The microsporidian Loma salmonae (Putz, Hoffman & Dunbar, 1965) Morrison & Sprague, 1981 has caused significant gill disease in Pacific salmon Oncorhynchus spp. Host specificity of the parasite was examined experimentally by per os challenge of selected salmonids and non-salmonids with infective chinook salmon O. tshawytscha gill material. Pink Oncorhynchus gorbuscha and chum salmon O. keta, brown Salmo trutta and brook trout Salvelinus fontinalis, and chinook salmon (controls) were positive, whereas Atlantic salmon Salmo salar and Arctic char Salvelinus alpinus were negative. In addition, no non-salmonids were susceptible to experimental exposure. Wild Pacific salmon species in British Columbia, Canada, were examined for L. salmonae during their freshwater life history stages (smolts, prespawning, spawning). All stages were infected, although infections in smolts were only detectable using a L. salmonae-specific PCR test. Many previous Loma spp. described from Oncorhychus spp. are likely L. salmonae based on host, parasite morphology, and site of infection. (+info)
High incidence of a male-specific genetic marker in phenotypic female chinook salmon from the Columbia River.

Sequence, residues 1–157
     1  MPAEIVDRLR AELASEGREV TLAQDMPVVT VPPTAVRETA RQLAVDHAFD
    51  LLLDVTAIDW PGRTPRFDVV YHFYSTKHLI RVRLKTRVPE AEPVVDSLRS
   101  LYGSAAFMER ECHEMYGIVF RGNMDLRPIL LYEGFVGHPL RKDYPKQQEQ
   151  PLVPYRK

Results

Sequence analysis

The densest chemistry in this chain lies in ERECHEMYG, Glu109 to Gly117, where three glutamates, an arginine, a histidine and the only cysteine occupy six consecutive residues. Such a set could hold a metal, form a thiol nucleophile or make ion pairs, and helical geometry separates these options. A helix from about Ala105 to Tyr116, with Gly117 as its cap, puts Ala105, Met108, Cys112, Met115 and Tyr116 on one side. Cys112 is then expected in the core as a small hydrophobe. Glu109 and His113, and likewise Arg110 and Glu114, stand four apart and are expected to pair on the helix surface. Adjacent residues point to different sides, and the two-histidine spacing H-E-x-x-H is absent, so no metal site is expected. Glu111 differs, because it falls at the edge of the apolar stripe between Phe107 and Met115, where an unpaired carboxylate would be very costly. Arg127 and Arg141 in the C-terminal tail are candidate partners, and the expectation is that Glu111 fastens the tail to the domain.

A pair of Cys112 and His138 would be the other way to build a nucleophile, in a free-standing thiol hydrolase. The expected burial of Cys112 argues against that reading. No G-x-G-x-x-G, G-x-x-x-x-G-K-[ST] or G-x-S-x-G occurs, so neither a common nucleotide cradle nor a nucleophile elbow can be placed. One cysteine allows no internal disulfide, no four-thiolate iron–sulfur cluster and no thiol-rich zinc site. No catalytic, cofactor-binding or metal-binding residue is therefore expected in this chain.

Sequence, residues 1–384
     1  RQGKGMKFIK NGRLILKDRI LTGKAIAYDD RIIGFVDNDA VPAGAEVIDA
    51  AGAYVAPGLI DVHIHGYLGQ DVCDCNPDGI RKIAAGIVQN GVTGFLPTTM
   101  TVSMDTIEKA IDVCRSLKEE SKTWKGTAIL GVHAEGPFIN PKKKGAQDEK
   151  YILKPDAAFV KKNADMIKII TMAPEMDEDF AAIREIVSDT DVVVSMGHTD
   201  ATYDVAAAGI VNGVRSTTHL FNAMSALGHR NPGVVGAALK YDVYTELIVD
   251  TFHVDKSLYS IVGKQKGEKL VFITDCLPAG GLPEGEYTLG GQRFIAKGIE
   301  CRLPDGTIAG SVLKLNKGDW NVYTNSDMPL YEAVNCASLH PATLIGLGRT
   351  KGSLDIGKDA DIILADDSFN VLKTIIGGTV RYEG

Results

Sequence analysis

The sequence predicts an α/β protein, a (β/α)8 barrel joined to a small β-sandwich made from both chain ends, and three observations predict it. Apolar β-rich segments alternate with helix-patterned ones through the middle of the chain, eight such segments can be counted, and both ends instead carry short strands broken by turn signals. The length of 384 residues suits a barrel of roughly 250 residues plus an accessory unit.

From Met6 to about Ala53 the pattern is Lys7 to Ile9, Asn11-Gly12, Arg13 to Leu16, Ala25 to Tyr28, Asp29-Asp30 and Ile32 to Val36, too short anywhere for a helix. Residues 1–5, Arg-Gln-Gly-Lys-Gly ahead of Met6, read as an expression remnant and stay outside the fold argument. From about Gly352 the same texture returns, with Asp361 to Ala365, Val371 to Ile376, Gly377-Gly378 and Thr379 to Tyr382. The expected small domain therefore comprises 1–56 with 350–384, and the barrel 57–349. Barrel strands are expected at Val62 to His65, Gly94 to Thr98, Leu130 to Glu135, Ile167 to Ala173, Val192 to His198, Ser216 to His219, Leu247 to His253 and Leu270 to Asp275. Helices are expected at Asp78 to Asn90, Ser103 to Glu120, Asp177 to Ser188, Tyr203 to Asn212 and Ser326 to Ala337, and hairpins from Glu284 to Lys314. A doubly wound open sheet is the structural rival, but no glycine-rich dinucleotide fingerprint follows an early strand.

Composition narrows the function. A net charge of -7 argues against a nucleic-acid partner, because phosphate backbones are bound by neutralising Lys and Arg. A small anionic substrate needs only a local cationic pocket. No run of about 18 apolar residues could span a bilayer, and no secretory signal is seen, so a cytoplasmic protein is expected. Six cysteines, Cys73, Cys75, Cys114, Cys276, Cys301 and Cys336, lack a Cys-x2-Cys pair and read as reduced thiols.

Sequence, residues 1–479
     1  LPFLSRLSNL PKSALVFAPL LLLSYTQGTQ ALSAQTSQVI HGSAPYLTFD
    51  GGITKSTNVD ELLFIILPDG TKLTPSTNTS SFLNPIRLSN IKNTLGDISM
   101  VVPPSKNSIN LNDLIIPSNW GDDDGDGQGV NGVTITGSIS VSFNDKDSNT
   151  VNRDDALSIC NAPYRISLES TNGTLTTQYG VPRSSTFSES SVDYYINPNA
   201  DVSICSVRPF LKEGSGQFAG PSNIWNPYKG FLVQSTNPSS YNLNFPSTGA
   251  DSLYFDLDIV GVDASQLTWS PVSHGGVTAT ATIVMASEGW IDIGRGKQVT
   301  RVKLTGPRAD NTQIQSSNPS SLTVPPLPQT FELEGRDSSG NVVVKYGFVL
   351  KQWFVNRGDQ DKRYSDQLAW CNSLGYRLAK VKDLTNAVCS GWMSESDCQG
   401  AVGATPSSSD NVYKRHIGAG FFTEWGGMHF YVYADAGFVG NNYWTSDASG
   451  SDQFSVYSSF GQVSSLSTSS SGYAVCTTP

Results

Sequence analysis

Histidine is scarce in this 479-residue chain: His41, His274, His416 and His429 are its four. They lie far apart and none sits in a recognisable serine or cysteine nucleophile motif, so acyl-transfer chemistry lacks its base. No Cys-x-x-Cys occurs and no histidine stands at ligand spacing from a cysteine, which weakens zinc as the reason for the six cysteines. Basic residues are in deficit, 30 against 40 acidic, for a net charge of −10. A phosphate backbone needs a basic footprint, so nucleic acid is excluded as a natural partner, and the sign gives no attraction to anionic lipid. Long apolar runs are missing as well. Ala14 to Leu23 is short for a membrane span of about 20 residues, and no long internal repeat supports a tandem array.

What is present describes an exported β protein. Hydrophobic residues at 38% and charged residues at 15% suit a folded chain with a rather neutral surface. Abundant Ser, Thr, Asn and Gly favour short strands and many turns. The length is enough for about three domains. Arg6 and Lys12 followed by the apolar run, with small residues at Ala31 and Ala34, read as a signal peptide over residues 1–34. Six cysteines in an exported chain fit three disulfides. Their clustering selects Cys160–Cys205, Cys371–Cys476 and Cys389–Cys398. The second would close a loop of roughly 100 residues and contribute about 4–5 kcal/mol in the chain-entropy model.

Numerous populations of anadromous salmonids in the northwestern United States have been declining for many years, resulting in Endangered Species Act listings and in some cases extinction. The degradation of river ecosystems has been proposed as one of the major reasons for the inability of salmon to maintain their populations. However, the specific factors interfering with the reproduction and survival of salmon during the freshwater phase of their life cycle have not been fully described. This study was initiated to determine the incidence of phenotypic sex reversal in wild, fall chinook salmon (Oncorhynchus tshawytcha) that returned to spawn in the Columbia River. Fish were sampled at different locations within this watershed to determine whether they were faithfully expressing their genotype. We report a high incidence (84%) of a genetic marker for the Y chromosome in phenotypic females sampled from the wild, which was not observed in female fish raised in hatcheries. It appears likely that female salmon with a male genotype have been sex reversed, creating the potential for an abnormal YY genotype in the wild that would produce all-male offspring and alter sex ratios significantly. (+info)